Young lives with his wife, Richelle, and their daughter on incapacitation pay of $1,380 a month from the Army. Their 13-acre property near Peck has a $1,200 monthly mortgage. They bought it just before his first tour in Iraq, when his financial future seemed secure.
After he lost his active-duty pay, they almost lost their home. Richelle can’t work because of constant pain from fibromyalgia. She also has to take care of her husband. When they are apart, he phones her when he panics, which can happen many times a day.
Young feels embarrassed that he can no longer provide adequately for his family.
His incapacitation pay is due to expire at the end of this month, but the Kansas National Guard is working to get it extended for another six months, says Sharon Watson, Guard spokeswoman.
Other veterans have come to the family’s aid. American Legion Post 136 in Mulvane has raised more than $10,000 to help save Young’s house and catch up the mortgage payments through September, says Rick Babinger, post commander.
Another $1,700 sits in a fund established for Young at the Mulvane State Bank, Babinger says.
Last week, the post obtained Social Security benefits for Young.
“It’s time to take care of him, not the other way around,” Babinger says.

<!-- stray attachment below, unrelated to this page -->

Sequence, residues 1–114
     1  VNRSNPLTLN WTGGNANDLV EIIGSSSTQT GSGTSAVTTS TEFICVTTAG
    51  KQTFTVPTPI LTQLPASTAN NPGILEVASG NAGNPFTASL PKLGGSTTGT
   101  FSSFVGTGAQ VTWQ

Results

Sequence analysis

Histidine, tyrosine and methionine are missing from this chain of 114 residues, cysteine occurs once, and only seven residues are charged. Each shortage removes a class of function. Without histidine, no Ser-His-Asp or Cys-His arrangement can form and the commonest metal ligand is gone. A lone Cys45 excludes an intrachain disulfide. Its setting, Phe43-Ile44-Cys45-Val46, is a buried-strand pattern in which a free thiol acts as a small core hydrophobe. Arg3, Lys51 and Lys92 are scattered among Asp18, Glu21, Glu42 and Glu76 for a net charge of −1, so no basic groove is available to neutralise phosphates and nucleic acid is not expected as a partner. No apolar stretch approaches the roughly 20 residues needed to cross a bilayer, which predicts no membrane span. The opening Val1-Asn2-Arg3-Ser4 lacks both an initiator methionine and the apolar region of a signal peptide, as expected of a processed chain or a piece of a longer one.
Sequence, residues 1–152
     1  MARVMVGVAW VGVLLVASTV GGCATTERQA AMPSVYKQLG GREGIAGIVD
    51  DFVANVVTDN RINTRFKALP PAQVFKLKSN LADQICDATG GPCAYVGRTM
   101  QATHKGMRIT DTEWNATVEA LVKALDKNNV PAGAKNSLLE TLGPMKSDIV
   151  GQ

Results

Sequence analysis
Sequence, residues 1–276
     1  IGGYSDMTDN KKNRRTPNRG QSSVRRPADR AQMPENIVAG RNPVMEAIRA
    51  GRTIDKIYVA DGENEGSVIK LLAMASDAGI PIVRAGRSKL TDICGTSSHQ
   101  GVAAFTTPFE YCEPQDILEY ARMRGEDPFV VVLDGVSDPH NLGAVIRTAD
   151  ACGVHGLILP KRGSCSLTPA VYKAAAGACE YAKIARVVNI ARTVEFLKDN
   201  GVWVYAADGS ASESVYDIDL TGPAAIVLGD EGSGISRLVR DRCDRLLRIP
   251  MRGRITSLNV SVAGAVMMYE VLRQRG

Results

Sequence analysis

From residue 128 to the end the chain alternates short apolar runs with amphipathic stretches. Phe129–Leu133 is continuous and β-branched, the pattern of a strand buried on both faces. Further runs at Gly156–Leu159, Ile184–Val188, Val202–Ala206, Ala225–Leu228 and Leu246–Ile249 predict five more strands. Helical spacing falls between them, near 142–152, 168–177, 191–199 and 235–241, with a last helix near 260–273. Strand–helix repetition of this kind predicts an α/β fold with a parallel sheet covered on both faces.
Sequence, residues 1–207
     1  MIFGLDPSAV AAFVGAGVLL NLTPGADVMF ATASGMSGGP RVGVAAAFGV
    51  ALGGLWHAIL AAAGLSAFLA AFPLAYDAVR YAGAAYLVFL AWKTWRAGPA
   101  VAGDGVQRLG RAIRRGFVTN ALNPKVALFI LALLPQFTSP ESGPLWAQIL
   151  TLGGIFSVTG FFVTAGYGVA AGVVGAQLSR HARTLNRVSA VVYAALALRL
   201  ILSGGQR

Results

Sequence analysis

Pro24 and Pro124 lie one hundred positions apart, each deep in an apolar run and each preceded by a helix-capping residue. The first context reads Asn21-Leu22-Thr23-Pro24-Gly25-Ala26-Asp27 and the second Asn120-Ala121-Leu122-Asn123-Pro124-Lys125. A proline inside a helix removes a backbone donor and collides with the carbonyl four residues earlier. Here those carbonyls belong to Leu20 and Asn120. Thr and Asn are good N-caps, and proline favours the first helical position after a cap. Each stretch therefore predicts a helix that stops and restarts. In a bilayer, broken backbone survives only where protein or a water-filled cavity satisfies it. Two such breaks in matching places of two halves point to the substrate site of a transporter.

Young learned two weeks ago through his Guard unit in Topeka that his request to get back on active duty was denied.
Essentially, the Army found him unfit for duty.
“It was a shock to me, a shock to my commander, a shock to my wife,” he says.
Last week, he appealed again for reinstatement, and Watson says the Guard is working on his behalf.
Due to his brain injuries, she says, “We believe he was not in the best position to make that decision and sign that form at that time.”
The problem is common, she says, and the Guard is taking steps to ensure its soldiers know exactly what they’re signing at demobilization sites.
Meanwhile, just getting through a day remains a battle for Young. He has lost his appetite and dropped from 190 to 170 pounds. He panics at sudden loud noises.
He can’t be in large groups of people. Panic attacks in big stores force him back to his pickup to regain his composure.
Richelle says the husband who left for war was focused, sharp, a leader. Now he is depressed and anxious. He rarely leaves the property except for trips to the VA hospital in Wichita for therapy for his brain injuries, his mental health and his speech.
‘Everything scares me’
Featherby, who lives in east Wichita with his wife, Tanner, and their three children, says he has become extremely confrontational. A month ago, while he was waiting at a drugstore to pick up a prescription for his son, a guy walked up beside them and slammed a bag of groceries on the counter. Featherby lost it.